Welcome to “Remote Controlled,” a podcast from Variety featuring the best and brightest in television, both in front of and behind the camera.
In this week’s episode, “Dirty John” showrunner Alexandra Cunningham sits down with Variety‘s senior features editor of TV, Danielle Turchiano, to talk about working with Connie Britton to develop a scripted version of Debra Newell and the importance of offering not only Newell’s perspective in the storytelling but that of the others in her life, including John Meehan (Eric Bana).
One of the things Cunningham notes she specifically wanted to do when setting out to write a scripted series inspired by Christopher Goffard’s podcast of the same name was play with perspective.
“That was a thing that I could do, that Chris couldn’t do, was hear from John, as opposed to about John,” she explains.
As a podcast listener, Cunningham recalls moments when Meehan would take Newell’s car to run errands but didn’t have a job, which led Cunningham to wonder what he actually did all day — something she then explored in her version of the story. But she also took it farther to dive into his past, sometimes with present day investigative work done by characters such as Debra’s older daughter Veronica (Juno Temple) leading to revelations about his character and sometimes through flashback scenes with his first wife, as well as his biological family, including his father (Shea Whigham).
Still, Cunningham says she was “very rigid” about point of view in the writers’ room. The show starts with Debra’s point of view of John and slowly expands out to Veronica’s and then Debra’s younger daughter Terra (Julia Garner). Cunningham doesn’t allow the story to be told from John’s point of view until the very end of the sixth episode.
“Because I knew I wanted to tell a certain amount of story before we got to him, then I knew I wanted to maintain not being in his point of view until then,” she explains. “That kind of informed the structure in a back-filled kind of way where it was like, ‘Well, if we cannot be with him alone until this point, how can we get out certain information?'”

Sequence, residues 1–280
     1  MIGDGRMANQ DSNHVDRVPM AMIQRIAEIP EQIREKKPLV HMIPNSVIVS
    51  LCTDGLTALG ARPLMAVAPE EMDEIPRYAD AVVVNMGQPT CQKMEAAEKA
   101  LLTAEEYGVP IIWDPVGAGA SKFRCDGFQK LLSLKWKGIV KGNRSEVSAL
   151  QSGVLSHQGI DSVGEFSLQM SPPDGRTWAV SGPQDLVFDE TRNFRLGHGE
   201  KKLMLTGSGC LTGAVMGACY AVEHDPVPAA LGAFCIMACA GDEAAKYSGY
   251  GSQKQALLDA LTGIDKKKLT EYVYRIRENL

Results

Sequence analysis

Her solution was to see John through the eyes of characters such as Debra’s mother Arlane (Jean Smart) and his sister in episodes in the middle of the season.
“When the door closes and he’s alone in the apartment at the end of 106, that’s the first time you’ve ever been alone with him, and that means now you’re going to be in his brain, which is not the nicest place to be,” Cunningham says.
As “frightening” as diving into Meehan’s mind might seem, Cunningham says it was also fun for her as a writer, as well as Bana as an actor and Jeffrey Reiner, the series’ director, because of the sociopathy they got to explore.
“I don’t want to try to explain why he is the way he is,” she says. “But I do want to talk about it. I at least want to talk about why he chose to try to manipulate and con other people — where that came from as an idea for your life.”
But most importantly, Cunningham wanted to ensure they would not portray Newell as someone who appeared “stupid” for the way she fell in love with Meehan. After all, Cunningham notes, even while weaving his story in, the “spine of every episode” and the “true heart” of the show is the character of Debra.
“When Connie and I talked about what we wanted for Debra, it was important to both of us, sort of immediately, that we wanted people to understand that this could happen to them,” Cunningham says. “People are going to judge it — obviously — but it won’t be because we haven’t tried to present the whole picture as far as we can, as far as what happened.”
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